TORONTO, Aug. 28, 2014 /CNW/ - Housing affordability in British Columbia
improved broadly during the second quarter of 2014 - condos and
two-storey homes reaching their most attractive levels since 2009 - yet
it remained a stretch for the average household to own a home in a
market like Vancouver, according to the latest Housing Trends and Affordability Report issued today by RBC Economics Research.
"British Columbia's housing market experienced brisk activity in the
second quarter," said Craig Wright, senior vice-president and chief
economist, RBC. "Home resales rose to a five-year high. Thankfully, the
pace of new listings picked up sufficiently to keep the demand-supply
equation in balance."
The report notes that price pressures remained in check overall, though
there was a slight divergence; the single-family home segments
experienced modestly stronger price gains relative to the condo
The RBC housing affordability measures, which capture the province's
proportion of pre-tax household income needed to service the costs of
owning a home at market values, fell for all housing types in the
second quarter of 2014 (an fall in the measure represents an
improvement in affordability).
RBC's affordability measures dropped fairly significantly for two-storey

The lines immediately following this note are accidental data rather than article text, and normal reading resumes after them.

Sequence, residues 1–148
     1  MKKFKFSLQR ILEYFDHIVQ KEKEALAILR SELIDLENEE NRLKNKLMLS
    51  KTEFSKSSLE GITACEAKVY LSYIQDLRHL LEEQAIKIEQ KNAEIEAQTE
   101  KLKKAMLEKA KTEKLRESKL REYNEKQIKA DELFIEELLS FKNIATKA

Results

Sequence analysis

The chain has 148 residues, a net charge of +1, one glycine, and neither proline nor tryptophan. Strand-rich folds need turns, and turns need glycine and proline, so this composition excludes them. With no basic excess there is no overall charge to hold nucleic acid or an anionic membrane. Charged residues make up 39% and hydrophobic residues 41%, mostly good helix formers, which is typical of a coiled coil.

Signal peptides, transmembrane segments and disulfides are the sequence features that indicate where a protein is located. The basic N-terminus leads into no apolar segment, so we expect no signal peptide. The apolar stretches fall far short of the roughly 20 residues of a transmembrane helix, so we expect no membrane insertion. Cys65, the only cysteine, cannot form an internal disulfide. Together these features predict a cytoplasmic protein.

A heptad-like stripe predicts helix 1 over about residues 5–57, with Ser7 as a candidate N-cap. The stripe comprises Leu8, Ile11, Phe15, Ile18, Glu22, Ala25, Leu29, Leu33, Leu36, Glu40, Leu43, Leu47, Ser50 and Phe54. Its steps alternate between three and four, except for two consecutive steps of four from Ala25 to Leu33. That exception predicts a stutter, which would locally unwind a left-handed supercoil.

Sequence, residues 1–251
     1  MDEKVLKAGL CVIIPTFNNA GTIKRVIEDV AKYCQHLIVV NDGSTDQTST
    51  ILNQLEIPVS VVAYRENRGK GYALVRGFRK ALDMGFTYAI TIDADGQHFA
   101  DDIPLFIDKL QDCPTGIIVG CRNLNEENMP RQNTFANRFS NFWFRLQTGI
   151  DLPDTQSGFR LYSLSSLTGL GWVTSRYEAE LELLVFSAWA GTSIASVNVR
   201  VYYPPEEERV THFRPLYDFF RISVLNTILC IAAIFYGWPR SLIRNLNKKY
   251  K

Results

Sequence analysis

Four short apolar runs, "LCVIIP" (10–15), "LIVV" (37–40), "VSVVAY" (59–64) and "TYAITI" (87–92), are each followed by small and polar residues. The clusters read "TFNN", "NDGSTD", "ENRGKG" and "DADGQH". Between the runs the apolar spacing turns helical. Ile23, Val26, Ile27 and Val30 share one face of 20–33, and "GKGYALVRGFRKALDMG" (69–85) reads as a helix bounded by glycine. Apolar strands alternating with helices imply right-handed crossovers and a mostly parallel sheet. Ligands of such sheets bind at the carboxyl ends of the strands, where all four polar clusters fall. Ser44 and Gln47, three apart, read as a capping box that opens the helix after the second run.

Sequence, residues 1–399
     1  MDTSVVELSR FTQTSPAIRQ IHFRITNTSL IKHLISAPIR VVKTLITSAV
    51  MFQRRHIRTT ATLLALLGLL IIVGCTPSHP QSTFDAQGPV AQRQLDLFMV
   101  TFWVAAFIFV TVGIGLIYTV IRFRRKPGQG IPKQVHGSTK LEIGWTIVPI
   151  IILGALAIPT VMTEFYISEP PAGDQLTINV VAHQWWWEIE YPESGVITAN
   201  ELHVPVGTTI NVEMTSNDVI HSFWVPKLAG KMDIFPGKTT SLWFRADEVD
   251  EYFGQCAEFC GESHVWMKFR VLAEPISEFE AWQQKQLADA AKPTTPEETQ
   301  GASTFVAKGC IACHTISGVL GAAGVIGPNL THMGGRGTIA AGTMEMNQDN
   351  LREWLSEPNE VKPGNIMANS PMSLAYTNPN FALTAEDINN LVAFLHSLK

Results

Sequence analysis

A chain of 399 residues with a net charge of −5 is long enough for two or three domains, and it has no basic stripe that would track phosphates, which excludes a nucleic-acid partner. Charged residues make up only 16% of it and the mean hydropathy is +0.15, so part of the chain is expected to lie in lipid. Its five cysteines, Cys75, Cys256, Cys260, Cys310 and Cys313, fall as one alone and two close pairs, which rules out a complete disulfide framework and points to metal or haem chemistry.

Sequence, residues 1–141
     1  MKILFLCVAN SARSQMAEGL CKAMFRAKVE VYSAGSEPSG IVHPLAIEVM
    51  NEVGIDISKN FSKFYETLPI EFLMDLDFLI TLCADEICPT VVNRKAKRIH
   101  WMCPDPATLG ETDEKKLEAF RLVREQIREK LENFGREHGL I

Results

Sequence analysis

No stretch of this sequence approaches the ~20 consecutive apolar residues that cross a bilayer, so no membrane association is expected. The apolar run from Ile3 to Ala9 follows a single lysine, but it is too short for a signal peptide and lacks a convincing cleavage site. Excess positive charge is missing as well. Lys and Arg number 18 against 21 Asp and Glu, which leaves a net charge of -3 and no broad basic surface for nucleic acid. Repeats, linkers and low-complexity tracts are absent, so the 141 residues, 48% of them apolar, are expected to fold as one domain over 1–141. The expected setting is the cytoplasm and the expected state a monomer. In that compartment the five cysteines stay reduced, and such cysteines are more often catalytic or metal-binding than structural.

homes, down 2.0 percentage points to 72.0 per cent. The measure for
detached bungalows declined by 1.3 percentage points to 67.0 per cent
while the measure for condos fell by 0.9 percentage points to 32.6 per
Vancouver homebuyers welcome lower rates
"Affordability in higher-priced housing markets benefits
disproportionately from a fall in mortgage rates relative to
lower-priced markets if all else remains constant," said Wright. "This
was the case in the Vancouver-area market in the second quarter, when a
decline in fixed mortgage rates helped affordability across the board,
despite prices recording some of the faster increases among Canada's
RBC's measures for Vancouver decreased by 0.3 percentage points to 81.8
per cent for bungalows and by 1.3 percentage points to 85 per cent for
two-storey homes. Condos declined for the third straight quarter by 0.8
percentage points to 39 per cent.
This modest improvement in affordability may have been among the factors
contributing to a quarterly rise of 8.7 per cent in home resales in the
second quarter, RBC says; however, the extent likely was limited as
affordability levels remain poor in the area.
"Owning a home in Vancouver continues to be very difficult for an
average household to afford," added Wright. "Measures stand well above
historical norms. This likely explains in large part why home resales
were still more than 6.0 per cent below the 10-year average."
RBC's housing affordability measure for the benchmark detached bungalow
in Canada's largest cities in the second quarter of 2014 is as follows:
Vancouver 81.8 (down 0.3 percentage points from the previous quarter);
Toronto 55.9 (down 0.2 percentage points); Montreal 37.3 (down 1.6
percentage points); Ottawa 36.0 (down 0.4 percentage points); Calgary
33.6 (down 0.8 percentage points); Edmonton 31.7 (down 1.1 percentage
The RBC Housing Affordability Measure, which has been compiled since
1985, is based on the costs of owning a detached bungalow (a reasonable
property benchmark for the housing market in Canada) at market value.